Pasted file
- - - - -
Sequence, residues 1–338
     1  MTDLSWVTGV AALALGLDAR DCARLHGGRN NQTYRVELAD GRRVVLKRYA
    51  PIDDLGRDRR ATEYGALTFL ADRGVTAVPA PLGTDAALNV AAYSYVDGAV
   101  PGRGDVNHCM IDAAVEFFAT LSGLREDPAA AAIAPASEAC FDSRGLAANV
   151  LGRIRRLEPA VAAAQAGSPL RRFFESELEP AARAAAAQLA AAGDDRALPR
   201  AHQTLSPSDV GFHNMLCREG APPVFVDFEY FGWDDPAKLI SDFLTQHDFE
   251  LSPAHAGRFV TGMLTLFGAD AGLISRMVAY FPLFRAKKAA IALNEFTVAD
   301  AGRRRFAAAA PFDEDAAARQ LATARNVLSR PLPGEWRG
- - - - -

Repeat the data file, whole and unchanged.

Sequence, residues 1–338
     1  MTDLSWVTGV AALALGLDAR DCARLHGGRN NQTYRVELAD GRRVVLKRYA
    51  PIDDLGRDRR ATEYGALTFL ADRGVTAVPA PLGTDAALNV AAYSYVDGAV
   101  PGRGDVNHCM IDAAVEFFAT LSGLREDPAA AAIAPASEAC FDSRGLAANV
   151  LGRIRRLEPA VAAAQAGSPL RRFFESELEP AARAAAAQLA AAGDDRALPR
   201  AHQTLSPSDV GFHNMLCREG APPVFVDFEY FGWDDPAKLI SDFLTQHDFE
   251  LSPAHAGRFV TGMLTLFGAD AGLISRMVAY FPLFRAKKAA IALNEFTVAD
   301  AGRRRFAAAA PFDEDAAARQ LATARNVLSR PLPGEWRG